Perhaps less common is the business deal that percolates during a youth football practice. But such was the case for Varina District Supervisor Tyrone Nelson.

During a visit to former Varina High School football star Michael Robinson's football camp, Nelson was discussing with Robinson his excitement for the new Varina Library, whose opening last June was at that time forthcoming.
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Business in brief


Long & Foster Real Estate recently named Amy Enoch as the new manager of its Tuckahoe office. Enoch brings more than 15 years of real estate expertise to her new position, and she most recently led Long & Foster’s Village of Midlothian office. Enoch has served in both sales and management positions during her tenure at Long & Foster. Prior to her real estate career, Enoch worked in information technology and hospitality. She is a graduate of Radford University, where she earned a Bachelor of Science degree in economics, English and history. Enoch has also received the designation of Graduate, Realtor Institute (GRI) from the National Association of Realtors, and this showcases her expertise in the fundamentals of real estate. > Read more.

Henrico recognized as a 2017 ‘Playful City USA’ community


A national nonprofit organization, KaBOOM!, has selected Henrico County as a 2017 Playful City USA community. The organization encourages communities to bring fun and balanced activities to children every day.

Henrico's selection is joined by the city of Richmond, town of Ashland, as well as the counties of Charles City, Chesterfield, Goochland, Hanover, New Kent and Powhatan. All of the localities make up the first region completely recognized through Playful City USA. > Read more.

Gallagher Foundation serves more than 14,000 teens in first year


In its first year, The Cameron K. Gallagher Foundation reached 14,000 teens through its programs from Spring 2016 to date. The foundation is dedicated to spreading positivity and erasing stigmas by educating and creating awareness on depression, anxiety and stress among teens. CKG delivers programs at schools, community events and its West End office.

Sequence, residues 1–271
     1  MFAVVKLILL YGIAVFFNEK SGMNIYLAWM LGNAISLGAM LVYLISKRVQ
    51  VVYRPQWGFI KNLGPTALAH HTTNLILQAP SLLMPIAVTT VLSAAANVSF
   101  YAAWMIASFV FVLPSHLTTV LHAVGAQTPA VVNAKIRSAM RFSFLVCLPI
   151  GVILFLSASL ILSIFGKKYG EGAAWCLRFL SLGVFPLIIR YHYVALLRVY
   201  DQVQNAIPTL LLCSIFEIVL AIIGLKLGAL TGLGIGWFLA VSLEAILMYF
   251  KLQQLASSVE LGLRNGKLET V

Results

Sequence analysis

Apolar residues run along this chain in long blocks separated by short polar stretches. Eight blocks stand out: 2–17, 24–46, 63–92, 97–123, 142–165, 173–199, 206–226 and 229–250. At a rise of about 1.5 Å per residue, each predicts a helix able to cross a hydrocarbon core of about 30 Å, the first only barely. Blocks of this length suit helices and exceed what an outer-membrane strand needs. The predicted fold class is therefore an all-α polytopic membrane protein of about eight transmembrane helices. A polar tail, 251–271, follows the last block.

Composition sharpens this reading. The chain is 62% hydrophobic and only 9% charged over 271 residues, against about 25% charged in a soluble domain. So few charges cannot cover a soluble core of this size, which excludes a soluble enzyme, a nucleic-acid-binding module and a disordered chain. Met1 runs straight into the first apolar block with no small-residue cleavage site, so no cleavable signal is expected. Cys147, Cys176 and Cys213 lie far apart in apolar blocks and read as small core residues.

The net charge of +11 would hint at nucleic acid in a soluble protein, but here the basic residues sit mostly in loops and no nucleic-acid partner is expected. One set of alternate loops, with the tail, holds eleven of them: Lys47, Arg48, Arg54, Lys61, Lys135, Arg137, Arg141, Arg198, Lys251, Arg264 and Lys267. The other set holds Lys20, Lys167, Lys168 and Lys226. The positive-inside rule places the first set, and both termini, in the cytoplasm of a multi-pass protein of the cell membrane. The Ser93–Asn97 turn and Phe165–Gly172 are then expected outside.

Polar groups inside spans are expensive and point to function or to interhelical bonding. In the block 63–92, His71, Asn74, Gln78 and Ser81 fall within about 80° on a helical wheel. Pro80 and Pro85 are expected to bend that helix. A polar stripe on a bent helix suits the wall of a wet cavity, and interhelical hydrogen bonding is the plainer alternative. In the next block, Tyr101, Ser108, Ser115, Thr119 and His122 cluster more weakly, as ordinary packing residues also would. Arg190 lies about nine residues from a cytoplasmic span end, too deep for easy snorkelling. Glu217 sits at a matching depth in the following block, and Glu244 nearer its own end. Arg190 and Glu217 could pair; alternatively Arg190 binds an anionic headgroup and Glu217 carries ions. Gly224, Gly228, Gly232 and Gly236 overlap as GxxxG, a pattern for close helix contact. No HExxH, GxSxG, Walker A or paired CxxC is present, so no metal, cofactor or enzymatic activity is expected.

“Students are in need of the information in the workshops, whether they know it or not, and they aren’t getting it anywhere else,” said Beth Curry, Director of Health and Wellness at The Steward School. > Read more.

Illegal voting in Virginia? Yes. Massive? Doubtful.


For years, Republicans have loudly proclaimed that voter fraud is widespread in U.S. elections – and just as adamantly, Democrats have insisted that such allegations are nonsense.

Last fall, a pair of groups supported by conservatives released a report with the sensational title “Alien Invasion in Virginia: The discovery and coverup of noncitizen registration and voting.” It said illegal voting is a “massive problem”:

“In our small sample of just eight Virginia counties who responded to our public inspection requests, we found 1,046 aliens who registered to vote illegally,” the study said. > Read more.

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The Honey Dewdrops, Laura Wortman and Kagey Parrish, will perform at 8 p.m. at The Tin Pan, 8982 Quioccasin Rd. Their fourth full-length album “Tangled Country” was released in May 2015 and became a Top Ten record on national folk and Americana stations. Doors open at 6 p.m. Tickets are $15 in advance and $20 at the door. For details, call 447-8189 or visit http://www.tinpanrva.com. Full text